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Benefits of Using Acrylic Paint

Acrylics are easy to work with and have become popular for artists of all skill levels and styles. They are often paired with mediums and gels to create new effects.

They are less expensive than oil paints and can be used on any stable, nongreasy surface. They are also water-soluble and can be washed off brushes and tools with soap and water, which makes cleanup easier for those who work in shared studio spaces.



Acrylic paint is a versatile medium that adapts to any artistic style. By incorporating different mediums such as gels, moulding pastes and even sand artists can modify the consistency of their sanding acrylic paint to achieve specific textures and effects on their paintings.

It is also useful for painters who work with thick, textured layers, as it can be applied in quick succession without the surface drying out between layers. This versatility is further enhanced by a range of additives, such as retarders to slow the dry time (useful for wet-into-wet techniques), flow releases to increase color-blending ability and varnishes that provide protection and reduce damage from light.

Since it is water-based, acrylic can be used on almost any stable, nongreasy surfaces such as canvas, hardboard or fibreboard. It can also be used on prestretched ‘gessoed’ canvas, though this requires that the canvas be primed with an acrylic dispersion primer before painting. It can be applied with brushstrokes, a palette knife or a scraper.


Acrylic paint can be used on a wide variety of surfaces including paper, canvas, wood, masonite, cloth and metal. It can be mixed with many different mediums to achieve the transparent brilliance of watercolour or to thicken it to give you a more oil-like effect. It has good adhering properties to most absorbent surfaces but will not stick to nonabsorbent surfaces such as glass or metal without a special primer.

It is water-based and therefore will not release toxic fumes when painting, making it safer to use in shared work spaces. It will also wash off brushes and hands easily with soap and water and can be disposed of safely with no need for hazardous solvents. It is highly resistant to fading caused by sunlight and has a good lightfastness rating. The pigments in acrylic paint are flexible and the film that they create can flex with expansions or contractions of the substrate. This makes it ideal for outdoor paintings.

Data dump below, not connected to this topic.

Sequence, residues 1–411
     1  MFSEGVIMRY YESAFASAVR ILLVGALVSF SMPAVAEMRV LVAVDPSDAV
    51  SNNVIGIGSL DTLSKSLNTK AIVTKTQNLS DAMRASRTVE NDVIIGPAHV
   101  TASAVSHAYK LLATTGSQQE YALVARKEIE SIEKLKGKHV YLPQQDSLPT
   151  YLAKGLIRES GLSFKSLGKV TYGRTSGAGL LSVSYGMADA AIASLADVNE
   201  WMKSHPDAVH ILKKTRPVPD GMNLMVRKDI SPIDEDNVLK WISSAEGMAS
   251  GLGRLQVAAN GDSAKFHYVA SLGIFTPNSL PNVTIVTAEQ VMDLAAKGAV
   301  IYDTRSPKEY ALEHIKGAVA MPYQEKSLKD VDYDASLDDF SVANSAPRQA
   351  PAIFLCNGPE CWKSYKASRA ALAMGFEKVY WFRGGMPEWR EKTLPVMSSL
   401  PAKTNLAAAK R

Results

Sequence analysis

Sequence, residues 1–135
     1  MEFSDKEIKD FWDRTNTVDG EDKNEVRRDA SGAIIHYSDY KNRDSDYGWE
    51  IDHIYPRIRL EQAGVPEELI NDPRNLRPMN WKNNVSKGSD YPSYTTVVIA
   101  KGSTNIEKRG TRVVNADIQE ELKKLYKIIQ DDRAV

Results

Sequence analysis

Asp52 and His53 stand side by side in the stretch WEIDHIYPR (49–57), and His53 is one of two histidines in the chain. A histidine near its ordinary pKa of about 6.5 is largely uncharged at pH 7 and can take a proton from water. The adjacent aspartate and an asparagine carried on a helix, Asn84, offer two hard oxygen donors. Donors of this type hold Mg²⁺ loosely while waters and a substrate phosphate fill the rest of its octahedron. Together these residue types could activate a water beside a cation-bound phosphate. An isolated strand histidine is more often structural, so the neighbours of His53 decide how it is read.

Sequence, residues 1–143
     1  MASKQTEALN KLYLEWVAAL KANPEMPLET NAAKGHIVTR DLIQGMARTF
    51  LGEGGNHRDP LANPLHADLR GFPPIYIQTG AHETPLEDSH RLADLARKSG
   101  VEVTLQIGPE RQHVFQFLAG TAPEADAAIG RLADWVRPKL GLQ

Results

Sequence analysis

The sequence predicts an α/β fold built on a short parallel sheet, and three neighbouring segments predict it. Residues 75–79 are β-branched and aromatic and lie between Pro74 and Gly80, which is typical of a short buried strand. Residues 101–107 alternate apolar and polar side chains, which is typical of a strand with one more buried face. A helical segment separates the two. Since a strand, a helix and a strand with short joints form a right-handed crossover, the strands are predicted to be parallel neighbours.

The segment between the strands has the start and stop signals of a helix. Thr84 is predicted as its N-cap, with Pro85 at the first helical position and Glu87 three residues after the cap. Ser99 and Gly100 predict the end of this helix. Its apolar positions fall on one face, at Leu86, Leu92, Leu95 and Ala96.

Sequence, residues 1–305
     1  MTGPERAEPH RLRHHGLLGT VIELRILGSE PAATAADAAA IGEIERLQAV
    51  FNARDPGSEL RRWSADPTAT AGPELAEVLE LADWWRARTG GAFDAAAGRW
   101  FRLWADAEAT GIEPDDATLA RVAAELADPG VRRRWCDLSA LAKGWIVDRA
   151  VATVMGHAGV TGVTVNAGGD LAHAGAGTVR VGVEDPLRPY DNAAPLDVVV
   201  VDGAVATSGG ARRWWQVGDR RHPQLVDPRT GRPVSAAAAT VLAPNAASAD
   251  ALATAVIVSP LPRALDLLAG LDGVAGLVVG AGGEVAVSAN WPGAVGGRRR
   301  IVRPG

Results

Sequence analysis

Easy to Clean

Easy to Clean

Because acrylics are water-based, they can be cleaned up with soap and water. This is a huge benefit for artists working in confined spaces as they do not need to be concerned about toxic solvents like turpentine or white spirit and the subsequent cleanup that must happen (or the risk of a flammable rag spontaneously combusting).

The water solubility of acrylic paint also makes it very easy to work on washable surfaces. If a canvas or surface becomes saturated with dried acrylic paint, simply pour on some isopropyl alcohol and rub the stain. Then rinse the washable surface with a damp cloth.

If you’re a beginner, this ease of cleaning will let you experiment with different surfaces and techniques without worrying about what to do with your paint when it starts to dry. And for those who work in layers, this will help you complete a painting in a shorter amount of time since the paint won’t be stuck to your palette or clothes while you are working.

Easy to Mix

Acrylic paint is very easy to mix & use. It is water-based and doesn’t require turpentine solvents like oil paints do. It cleans & thins with water and is quite inexpensive.

Acrylics are a fast-drying paint that is often sold in tubes for convenience but can also be purchased in tubs or bottles. They work with many different surfaces, including canvas, wood, and fabric. They dry to a flexible plastic film that is water-resistant and can be varnished for protection from UV light and dust.


You can blend acrylic paints directly on your painting surface or with other mediums to alter the consistency and opacity of the paint. A few drops of a white acrylic paint will lighten a color, for example. This means you can experiment with the initial shade you’ve mixed and create a family of tones for it. Creating this depth of tone can add a lot of nuance to your artwork.

Terry V Williams

Terry V. Williams is a professional writer who lives in Seward with his family and two cats. He earned M.Ed at Concordia University. He built his career as a freelancer in digital marketing. He proved that any one can make his career in digital marketing and earn a lot. His passions for gardening, and home improvement contribute to his wide knowledge of all things garden and home accessories. Throughout his career, Williams has gained experience in recreational planning, natural landscaping, estate landscaping.